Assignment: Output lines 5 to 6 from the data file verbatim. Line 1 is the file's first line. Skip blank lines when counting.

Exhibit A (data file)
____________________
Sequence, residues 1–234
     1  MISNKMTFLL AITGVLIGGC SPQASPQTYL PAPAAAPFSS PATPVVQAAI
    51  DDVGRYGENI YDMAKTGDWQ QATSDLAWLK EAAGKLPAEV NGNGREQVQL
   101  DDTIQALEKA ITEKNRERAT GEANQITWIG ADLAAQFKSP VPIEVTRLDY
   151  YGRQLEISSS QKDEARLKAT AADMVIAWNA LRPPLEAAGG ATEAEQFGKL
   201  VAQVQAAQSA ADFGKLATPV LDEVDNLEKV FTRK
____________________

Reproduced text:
   151  YGRQLEISSS QKDEARLKAT AADMVIAWNA LRPPLEAAGG ATEAEQFGKL
   201  VAQVQAAQSA ADFGKLATPV LDEVDNLEKV FTRK